An Administrative Law Judge for the National Labor Relations Board (NLRB) has taken up the board's position that comments on Facebook and other social media sites can in many cases be considered "protected concerted activity."  In a recent ruling, Judge Arthur Amchan ordered Hispanics United of Buffalo (HUB) to restore the jobs of five employees fired for critical comments on Facebook, the first time a judge has so ruled.

After an employee at HUB complained that other employees weren't doing enough to help the non-profit's clients, someone who overheard the comment wrote on Facebook: "[Co-worker's name] feels that we don't help our clients enough at HUB I about had it! My fellow coworkers how do u feel?" What followed was a barrage of defensive comments that also included criticism about working conditions at HUB.

The co-worker then went to her supervisor to report what had happened, and the supervisor met with the five Facebook commenters and terminated them for harassing the employee who made the original comment.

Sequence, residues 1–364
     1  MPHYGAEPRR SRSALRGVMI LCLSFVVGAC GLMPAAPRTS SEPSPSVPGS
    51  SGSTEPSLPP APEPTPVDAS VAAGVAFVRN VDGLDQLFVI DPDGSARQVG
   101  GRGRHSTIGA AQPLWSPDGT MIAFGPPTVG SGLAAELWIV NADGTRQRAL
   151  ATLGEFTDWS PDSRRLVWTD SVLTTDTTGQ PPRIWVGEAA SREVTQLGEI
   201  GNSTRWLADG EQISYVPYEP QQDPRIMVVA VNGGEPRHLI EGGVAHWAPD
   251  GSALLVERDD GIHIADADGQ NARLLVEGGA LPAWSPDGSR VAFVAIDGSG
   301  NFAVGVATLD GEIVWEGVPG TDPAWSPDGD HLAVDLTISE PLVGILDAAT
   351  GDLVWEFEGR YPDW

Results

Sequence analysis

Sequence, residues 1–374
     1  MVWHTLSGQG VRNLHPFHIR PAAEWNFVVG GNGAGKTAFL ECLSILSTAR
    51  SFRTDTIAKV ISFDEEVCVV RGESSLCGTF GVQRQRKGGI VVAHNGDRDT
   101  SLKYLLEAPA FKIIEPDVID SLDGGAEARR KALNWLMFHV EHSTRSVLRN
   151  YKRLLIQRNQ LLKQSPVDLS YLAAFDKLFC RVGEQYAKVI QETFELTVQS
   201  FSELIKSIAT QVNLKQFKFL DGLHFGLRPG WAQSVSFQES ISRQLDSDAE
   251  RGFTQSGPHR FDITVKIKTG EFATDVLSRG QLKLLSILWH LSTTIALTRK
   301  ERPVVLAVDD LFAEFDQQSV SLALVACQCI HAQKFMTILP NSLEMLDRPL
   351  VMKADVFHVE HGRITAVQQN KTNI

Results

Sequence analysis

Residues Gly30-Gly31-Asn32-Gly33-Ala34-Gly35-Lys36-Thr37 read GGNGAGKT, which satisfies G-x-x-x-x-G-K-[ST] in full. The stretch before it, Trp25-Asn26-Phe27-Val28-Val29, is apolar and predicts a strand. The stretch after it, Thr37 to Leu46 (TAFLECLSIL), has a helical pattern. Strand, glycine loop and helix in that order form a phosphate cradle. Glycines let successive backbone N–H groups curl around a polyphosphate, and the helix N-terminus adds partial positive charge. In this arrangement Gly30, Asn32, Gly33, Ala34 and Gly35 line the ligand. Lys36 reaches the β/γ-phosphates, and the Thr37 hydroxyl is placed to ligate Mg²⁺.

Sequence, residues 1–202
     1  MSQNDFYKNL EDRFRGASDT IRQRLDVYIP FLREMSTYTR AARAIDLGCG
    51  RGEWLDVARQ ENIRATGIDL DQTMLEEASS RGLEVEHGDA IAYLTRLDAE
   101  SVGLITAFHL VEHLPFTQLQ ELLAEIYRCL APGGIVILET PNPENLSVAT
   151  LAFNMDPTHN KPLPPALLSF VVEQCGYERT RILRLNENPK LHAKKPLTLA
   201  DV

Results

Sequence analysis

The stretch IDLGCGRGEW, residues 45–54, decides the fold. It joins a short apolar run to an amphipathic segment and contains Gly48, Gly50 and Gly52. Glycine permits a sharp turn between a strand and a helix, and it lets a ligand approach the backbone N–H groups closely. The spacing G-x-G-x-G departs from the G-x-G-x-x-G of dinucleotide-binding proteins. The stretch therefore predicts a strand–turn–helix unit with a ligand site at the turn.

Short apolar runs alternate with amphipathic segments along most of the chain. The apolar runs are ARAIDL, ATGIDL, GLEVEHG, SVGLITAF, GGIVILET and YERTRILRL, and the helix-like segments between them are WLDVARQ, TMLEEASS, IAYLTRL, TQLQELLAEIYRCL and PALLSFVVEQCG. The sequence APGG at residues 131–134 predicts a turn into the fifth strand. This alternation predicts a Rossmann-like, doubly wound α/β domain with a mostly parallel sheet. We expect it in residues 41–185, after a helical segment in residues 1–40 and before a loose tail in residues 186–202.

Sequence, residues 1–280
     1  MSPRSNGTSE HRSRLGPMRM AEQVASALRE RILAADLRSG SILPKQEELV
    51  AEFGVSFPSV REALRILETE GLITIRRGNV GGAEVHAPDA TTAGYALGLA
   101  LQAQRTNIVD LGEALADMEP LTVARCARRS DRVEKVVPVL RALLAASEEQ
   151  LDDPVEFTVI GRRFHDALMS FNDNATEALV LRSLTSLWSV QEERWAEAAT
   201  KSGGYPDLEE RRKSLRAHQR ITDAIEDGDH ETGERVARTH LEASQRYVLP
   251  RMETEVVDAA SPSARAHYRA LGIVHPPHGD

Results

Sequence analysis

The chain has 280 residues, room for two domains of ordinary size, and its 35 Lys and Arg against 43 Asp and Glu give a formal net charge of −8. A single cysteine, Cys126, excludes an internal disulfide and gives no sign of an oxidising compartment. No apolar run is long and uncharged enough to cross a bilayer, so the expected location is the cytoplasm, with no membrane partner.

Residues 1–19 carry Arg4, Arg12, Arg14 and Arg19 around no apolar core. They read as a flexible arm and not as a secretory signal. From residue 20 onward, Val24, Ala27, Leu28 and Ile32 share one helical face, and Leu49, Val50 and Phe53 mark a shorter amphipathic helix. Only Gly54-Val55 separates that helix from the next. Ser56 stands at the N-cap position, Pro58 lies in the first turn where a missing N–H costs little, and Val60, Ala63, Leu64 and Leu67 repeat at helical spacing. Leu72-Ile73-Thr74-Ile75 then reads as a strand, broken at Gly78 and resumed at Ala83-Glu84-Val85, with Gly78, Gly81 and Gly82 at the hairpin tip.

The judge ruled: "Employees have a protected right to discuss matters affecting their employment amongst themselves. Explicit or implicit criticism by a co-worker of the manner in which they are performing their jobs is a subject about which employee discussion is protected by Section 7 [the protected concerted clause in the National Labor Relations Act]."

This was the first time an issue regarding protected concerted activity on a social media site has reached a judge, but the NLRB has been forcing companies into settlements over the issue, beginning with a case involving American Medical Response (AMR) in Connecticut earlier this year.

The NLRB has also recently mandated that an NLRA Employee Rights Poster be displayed in almost every business in America. You can get your NLRA poster today from Personnel Concepts online.